As I said at the meeting, this is unfannish, and it’s exclusionary, To me, it’s a step towards deciding who can vote, and who can’t.

    I’m considering either a motion,or a referral to committee, of a requirement for the WSFS business meetings to be hybrid, so that if you can’t attend for one reason or another, you can still get in and speak and vote, if you’re a WSFS member.

  19. I was thinking of making a copy of the solidarity declaration with Ukraine and doing the same for Palestine. After all, they are exactly the same type of conflicts with one brutal power attacking the other, performing land theft and cultural genocide.

    I expect to get exactly the same support, at least if orientalist racism doesn’t come into play.

  20. I’m not there, and I’m not a member. But yes, the Uyghur issue (and Liu Cixin’s odious comments about it) should absolutely be addressed.

  21. If it is not too late, I would happily join, drive up to Chicago, and do whatever possible to get this resolution on the floor for a vote.

  22. … from here on out, you will buy a WSFS membership, and then an “upgrade” to attending…and if you suddenly find you can’t go, for one reason or another, sellng it – and this is not clear to me – does NOT man that the buyer can attend… without also buying a WSFS membership.

    I am confused.

    Based on the amendment, it looks like memberships can’t be sold at all.

    Are Worldcons going to offer a refund when people have to cancel their plans to attend?

  23. @Jeff – You’re welcome! 🙂

    @rcade – Yeah I find it pretty confusing, too. During debate yesterday multiple people asserted that WSFS memberships cannot be transferred but the actual ticket to WorldCon (the attending upgrade) could be, which I suppose makes sense? (Though we do always note that debate in the business meeting need not be factual, only collegial.) Though then that would only really work if the person you’re selling that to also has a WSFS membership, because otherwise there’s someone wandering around the convention that shouldn’t be allowed into the business meeting, etc. Which was also pointed out during the debate (I think) though I didn’t get to document it. Either way, I’m not a fan of this one, though I’ve got a lot of sympathy for the ConZealand folks whose position was basically “we don’t care what way you decide this, please just decide this so it’s not a burden placed on the administrators in the future.”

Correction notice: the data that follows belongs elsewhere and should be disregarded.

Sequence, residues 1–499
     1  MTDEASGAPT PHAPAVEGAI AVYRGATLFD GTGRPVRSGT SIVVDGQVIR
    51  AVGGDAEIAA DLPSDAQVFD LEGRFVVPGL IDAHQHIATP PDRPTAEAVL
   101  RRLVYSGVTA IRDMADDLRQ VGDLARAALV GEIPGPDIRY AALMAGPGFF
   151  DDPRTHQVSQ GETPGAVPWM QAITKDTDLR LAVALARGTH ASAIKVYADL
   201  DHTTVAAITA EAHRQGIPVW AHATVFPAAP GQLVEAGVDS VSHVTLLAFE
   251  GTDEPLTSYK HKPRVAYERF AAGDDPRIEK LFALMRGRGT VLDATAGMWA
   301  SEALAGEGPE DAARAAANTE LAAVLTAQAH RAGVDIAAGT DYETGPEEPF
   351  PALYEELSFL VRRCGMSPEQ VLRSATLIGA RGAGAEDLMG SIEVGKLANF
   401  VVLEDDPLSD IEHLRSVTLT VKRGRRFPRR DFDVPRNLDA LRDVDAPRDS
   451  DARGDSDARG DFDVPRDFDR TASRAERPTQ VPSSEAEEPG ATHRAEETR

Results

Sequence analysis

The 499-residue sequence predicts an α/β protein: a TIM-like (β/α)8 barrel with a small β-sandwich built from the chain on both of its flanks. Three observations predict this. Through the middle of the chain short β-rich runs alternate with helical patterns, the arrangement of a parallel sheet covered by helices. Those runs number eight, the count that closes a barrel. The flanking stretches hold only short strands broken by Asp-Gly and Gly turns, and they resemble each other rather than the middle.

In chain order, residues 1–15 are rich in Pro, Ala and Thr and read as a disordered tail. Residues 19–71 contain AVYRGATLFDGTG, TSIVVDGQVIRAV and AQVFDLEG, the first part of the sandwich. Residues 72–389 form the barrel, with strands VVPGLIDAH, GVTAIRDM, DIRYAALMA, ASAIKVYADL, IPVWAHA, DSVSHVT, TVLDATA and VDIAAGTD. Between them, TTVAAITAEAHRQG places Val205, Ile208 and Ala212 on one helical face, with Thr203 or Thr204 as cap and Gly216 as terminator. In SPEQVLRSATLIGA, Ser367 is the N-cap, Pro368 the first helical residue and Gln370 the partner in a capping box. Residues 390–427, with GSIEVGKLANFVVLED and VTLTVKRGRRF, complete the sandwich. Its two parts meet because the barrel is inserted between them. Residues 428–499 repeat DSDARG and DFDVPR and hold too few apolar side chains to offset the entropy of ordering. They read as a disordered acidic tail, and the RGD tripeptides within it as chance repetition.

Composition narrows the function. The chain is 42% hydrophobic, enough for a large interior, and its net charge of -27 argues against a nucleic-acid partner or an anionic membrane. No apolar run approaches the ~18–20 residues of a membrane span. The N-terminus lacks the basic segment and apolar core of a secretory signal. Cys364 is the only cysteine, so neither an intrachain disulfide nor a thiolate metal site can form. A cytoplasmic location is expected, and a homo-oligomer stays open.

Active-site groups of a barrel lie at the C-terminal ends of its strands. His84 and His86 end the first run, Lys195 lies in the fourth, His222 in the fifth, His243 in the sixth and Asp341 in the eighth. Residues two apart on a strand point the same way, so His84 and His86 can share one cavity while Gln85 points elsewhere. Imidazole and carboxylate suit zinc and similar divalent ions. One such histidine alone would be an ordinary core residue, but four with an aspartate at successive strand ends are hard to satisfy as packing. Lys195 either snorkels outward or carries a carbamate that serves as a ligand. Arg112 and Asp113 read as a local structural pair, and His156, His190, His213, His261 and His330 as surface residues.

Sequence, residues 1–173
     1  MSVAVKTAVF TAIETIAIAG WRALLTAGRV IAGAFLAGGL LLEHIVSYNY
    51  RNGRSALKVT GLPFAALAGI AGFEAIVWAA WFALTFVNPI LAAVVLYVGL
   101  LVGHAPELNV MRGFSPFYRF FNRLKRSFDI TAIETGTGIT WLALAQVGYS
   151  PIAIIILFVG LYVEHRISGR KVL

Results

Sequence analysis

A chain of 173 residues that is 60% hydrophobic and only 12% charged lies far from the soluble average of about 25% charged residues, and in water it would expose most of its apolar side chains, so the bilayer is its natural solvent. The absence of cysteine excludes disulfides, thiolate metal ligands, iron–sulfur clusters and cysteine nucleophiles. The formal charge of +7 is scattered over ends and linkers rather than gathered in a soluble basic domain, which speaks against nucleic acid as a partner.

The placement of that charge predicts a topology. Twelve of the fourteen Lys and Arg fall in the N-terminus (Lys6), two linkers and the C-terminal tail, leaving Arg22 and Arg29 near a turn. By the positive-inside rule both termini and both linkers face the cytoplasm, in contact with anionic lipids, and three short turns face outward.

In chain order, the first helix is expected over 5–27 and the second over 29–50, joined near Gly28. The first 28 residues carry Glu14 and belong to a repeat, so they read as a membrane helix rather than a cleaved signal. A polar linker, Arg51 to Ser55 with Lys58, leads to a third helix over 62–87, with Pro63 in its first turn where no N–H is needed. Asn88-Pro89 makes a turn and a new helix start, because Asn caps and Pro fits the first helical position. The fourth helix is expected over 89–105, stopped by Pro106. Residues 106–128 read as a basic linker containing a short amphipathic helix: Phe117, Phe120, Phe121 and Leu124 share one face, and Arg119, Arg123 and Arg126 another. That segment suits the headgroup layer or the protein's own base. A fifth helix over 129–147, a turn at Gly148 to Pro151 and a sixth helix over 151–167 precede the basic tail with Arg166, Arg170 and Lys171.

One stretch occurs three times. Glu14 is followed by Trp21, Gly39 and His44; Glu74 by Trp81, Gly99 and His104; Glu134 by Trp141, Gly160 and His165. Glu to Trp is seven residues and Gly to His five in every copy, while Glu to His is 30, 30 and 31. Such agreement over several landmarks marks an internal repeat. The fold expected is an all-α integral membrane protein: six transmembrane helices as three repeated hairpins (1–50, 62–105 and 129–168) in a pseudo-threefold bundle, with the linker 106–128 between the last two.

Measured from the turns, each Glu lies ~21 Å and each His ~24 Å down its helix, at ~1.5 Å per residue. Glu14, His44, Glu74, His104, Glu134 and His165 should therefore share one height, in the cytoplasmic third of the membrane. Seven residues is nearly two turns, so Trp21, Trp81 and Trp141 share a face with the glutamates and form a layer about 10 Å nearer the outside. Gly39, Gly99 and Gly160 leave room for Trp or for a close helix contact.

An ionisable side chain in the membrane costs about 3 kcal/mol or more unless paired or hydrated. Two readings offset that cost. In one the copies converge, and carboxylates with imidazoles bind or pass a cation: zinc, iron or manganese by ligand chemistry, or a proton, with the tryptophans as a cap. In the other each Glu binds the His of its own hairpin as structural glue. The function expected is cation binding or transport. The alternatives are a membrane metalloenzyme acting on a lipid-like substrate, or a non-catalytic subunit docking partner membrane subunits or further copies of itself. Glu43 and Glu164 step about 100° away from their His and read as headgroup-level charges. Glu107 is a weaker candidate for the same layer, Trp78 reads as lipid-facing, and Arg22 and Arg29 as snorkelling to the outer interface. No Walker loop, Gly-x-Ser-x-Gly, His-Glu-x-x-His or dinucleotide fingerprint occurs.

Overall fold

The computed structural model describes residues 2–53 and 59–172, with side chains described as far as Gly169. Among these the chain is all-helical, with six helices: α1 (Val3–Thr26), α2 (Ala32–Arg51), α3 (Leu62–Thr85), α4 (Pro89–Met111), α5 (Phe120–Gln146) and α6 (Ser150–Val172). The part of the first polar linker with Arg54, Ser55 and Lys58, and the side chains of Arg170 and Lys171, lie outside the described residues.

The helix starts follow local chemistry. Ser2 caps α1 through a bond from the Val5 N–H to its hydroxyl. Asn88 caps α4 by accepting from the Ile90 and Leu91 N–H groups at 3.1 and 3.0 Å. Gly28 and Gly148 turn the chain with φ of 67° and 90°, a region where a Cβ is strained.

24. Yeah, what I read on the Glasgow website looks like that (to me, who understands too little of these membership issues):

    “Holders of tickets/attending supplements may transfer these to another person, if that person has the requisite WSFS membership required […um, isn’t this a pleonasm? …] and meets the requirements for the [ticket]. But, even if you transfer the [ticket] to someone else, you will retain your WSFS membership and can continue to vote in the Hugo Awards and Site Selection.”

    Also, the only refunds will be “if a member has accidentally purchased two WSFS memberships … as an individual cannot hold more than one WSFS membership, and they cannot transfer a WSFS membership … £5 deduction to cover … costs and … charges.” So it is basically just as transfering memberships was before, with the added hassle/benefit of unalienable WSFS voting rights.

    Anyway, the prices stay until May, so I guess there’s time to clear it up. Of course, it’s more pressing with Chengdu.

    Alex, thank you very much too (I tried to comment at yours but it’s still in moderation… I hope). I would nominate you for the fanwriting Hugo if I could 😉

  25. Pingback: What Did We Learn About the Chengdu Worldcon During Chicon 8? | File 770

  26. Just for the record, the D.5 as adopted (or indeed proposed and voted) are just the three sentences ending with “return of freedom and fandom to Ukraine.”; the following paragraphs are extraneous,.

  27. I still wonder about the Canadian writer, Robert Sawyer. Does he want to be in that company?

  28. Linda Robinett: I still wonder about the Canadian writer, Robert Sawyer. Does he want to be in that company?

    Sawyer has been and continues to be an enthusiastic supporter of the Chengdu bid and Worldcon in China, so apparently he doesn’t have a problem with the company he’s keeping.